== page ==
through direct instruction

        It aimed at finding out whether the treatment (educational program) produced significant
differences between both groups; therefore, the only thing that had to be changed in the treatment
was the type of teaching structure, and not the type of strategies. With that kind of design it
cannot be known if the differences are due to the type of education or to the type of strategies.

8. Use of Non Valid Instruments
        The thesis writer uses instruments to gather data, which by means of the construct that is
measured and the reach intended in the research had to be within a reliability set and validated.

DISCUSSION
       The use of statistics in a practical, professional situation (writing a thesis) turns out to be
complicated for graduate students in the field of Educational Psychology at the National


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ICOTS-7, 2006: Perez Lopez, Pedroza, and Luciano (Refereed)


Pedagogical University, Ajusco Campus. It was found that, in a number of the theses, the use of
statistics was itself a problem that prevented the thesis writer from reasoning according to
statistical standards. Although the analysis of the internal coherence of the tasks (consistency with
objective, methodology, results and conclusions) does not allow us to know accurately the type of
statistical reasoning that graduate students use when they made their theses, it is possible to
deduce that, in some cases, their reasoning was elementary or almost nonexistent.
         We assume that the inadequate use of statistics can be due to various aspects, as isolating
education from a real context. In this case the teachers who give lessons in statistics in
Educational Psychology are the same ones who teach it in other university careers, thus, it turns
out hardly viable for them to prepare specialized class material, basing their objectives on the
students’ subject, since the goals of the various courses they teach are very similar.
         Another factor that we believe important is that the students of Psychology take courses
in statistics in the first two semesters, when they do not possess yet a sufficient knowledge of
Educational Psychology to relate it to statistics and discover its advantage by using it in this area.
We suppose that the students’ knowledge cannot go ahead, for the courses that come after
demand the knowledge of statistics, but students are not supported to continue developing that
knowledge. We think it would be better to teach statistics from 3rd semester on, once the students
have already learnt how to relate psychological facts to statistics. It is also desirable to practice
statistics during the degree courses in procedural knowledge, which begin in 3rd semester and
finish in the 8th one. Perhaps in this way, the learning of statistics would extend all through the
studies, and maybe in the last two semesters it could be included as an elective course.
         One more suggestion would point toward using statistical data, found in specialized
journals, to teach statistics that allowed the student to discover the real and daily use of this
resource. It is also necessary to consider Murtonen and Lehtinen’s findings (2003), about the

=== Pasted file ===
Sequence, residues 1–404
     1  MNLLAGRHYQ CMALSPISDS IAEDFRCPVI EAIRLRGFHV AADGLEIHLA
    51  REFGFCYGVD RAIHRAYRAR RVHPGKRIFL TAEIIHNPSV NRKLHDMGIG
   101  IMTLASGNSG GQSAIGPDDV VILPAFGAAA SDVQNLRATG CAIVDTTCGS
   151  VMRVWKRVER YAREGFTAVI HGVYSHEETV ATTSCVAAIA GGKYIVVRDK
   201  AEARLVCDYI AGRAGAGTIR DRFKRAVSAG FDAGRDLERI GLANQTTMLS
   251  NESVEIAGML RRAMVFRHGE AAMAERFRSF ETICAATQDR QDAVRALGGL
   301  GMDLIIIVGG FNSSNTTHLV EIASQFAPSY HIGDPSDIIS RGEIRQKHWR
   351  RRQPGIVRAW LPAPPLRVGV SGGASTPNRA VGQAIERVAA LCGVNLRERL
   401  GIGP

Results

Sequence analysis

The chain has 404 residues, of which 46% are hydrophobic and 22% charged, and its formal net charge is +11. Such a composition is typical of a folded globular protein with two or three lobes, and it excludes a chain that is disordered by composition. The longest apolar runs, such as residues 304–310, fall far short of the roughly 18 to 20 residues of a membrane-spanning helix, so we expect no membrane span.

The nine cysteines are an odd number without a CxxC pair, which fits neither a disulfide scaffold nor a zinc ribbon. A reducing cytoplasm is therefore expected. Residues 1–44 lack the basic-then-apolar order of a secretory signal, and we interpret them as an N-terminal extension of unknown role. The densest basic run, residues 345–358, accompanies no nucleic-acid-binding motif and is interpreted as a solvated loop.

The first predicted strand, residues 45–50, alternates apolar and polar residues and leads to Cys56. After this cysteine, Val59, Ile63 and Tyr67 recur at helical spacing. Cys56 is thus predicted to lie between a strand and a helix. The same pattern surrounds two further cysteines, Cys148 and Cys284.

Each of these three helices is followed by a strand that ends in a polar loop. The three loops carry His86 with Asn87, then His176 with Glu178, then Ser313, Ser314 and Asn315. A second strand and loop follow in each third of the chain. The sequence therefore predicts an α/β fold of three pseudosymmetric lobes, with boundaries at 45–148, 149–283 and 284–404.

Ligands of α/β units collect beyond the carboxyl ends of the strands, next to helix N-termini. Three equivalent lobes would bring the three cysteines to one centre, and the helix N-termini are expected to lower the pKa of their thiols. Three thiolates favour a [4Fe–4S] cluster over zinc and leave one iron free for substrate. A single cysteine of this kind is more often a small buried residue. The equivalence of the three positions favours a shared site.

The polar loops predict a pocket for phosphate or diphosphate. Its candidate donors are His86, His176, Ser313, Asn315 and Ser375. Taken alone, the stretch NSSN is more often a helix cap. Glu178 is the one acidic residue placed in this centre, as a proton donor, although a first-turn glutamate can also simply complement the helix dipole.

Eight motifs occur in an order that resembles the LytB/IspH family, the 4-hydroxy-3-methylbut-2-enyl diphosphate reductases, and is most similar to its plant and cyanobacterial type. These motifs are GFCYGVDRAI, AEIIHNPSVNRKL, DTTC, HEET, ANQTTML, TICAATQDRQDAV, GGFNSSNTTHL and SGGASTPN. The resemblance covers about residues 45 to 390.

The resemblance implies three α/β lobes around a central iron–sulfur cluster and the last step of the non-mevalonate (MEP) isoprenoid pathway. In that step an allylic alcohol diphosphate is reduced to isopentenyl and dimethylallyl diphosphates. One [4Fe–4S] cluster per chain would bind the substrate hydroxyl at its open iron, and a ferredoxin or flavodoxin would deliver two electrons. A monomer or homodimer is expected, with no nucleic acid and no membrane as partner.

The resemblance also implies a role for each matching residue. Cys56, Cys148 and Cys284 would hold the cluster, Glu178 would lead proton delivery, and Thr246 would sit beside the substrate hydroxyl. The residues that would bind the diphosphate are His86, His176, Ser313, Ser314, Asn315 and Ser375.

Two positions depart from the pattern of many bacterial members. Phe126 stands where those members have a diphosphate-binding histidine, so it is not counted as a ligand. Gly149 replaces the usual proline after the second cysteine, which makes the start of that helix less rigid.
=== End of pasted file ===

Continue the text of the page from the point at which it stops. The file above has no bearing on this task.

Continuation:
causes attributed by college students to their difficulties in learning statistics: among other things,
lack of links between theory and practice, unfamiliarity with statistical concepts, inability to
create a comprehensive account of statistical or mathematical problems (Sorto, 2004), and having
a negative attitude towards courses in statistics (Gil, 1999). It would be interesting to make a
study in this University in order to know if the students attribute their difficulties to causes
mentioned above or to other ones, so that the University can count on pertinent information to
improve education in this subject.

REFERENCES
Batanero, C. (1998). Recursos para la educación estadística en internet. UNO, 15, 13-26.
Batanero, C. (2000). Significado y comprensión de las medidas de tendencia central. UNO, 25, 4-
    58.
Batanero, C. (2001). Didáctica de la Estadística. España: Grupo de Educación Estadística.
    Universidad de Granada.
Batanero, C., Godino, J., Green, D., Holmes, P. and Vallecillos, A. (1994). Errores y dificultades
    en la comprensión de los conceptos estadísticos elementales. International Journal of
    Mathematics Education in Science and Technology, 25(4), 527-547.
Cerrito, P. B. (1999). Teaching statistical literacy. College Teaching, 47, 9-14.
Garfield, J. B. (1995). How students learn statistics. International Statistics Review, 63(1), 25-34.
Gil, F. J. (1999). Actitudes hacia la estadística. Incidencia de las variables sexo y formación
    previa. Revista Española de Pedagogía, 214, 567-590.
Gould, R. and Peck, R. (2004). Preparing secondary math teachers to teach statistics, Presentation
    at ICME 10, Copenhagen,
    www.stat.auckland.ac.nz/~iase/publications/11/Gould%20&%20Peck.doc.
Murtonen, M. and Lehtinen, E. (2003). Difficulties experienced by education and sociology
    students in quantitative methods courses. Studies in Higher Education, 28(2), 171-185.
Postigo Y. and Pozo, I. (2000). Cuando una gráfica vale más que mil datos: La interpretación de
    gráficas por alumnos adolescente. Infancia y Aprendizaje, 90, 89-110.
Sorto, A. and White, A. (2004). Statistical knowledge for teaching, Presentation at ICME 10,
    Copenhagen, www.stat.auckland.ac.nz/~iase/publications/11/Sorto%20&%20White.doc.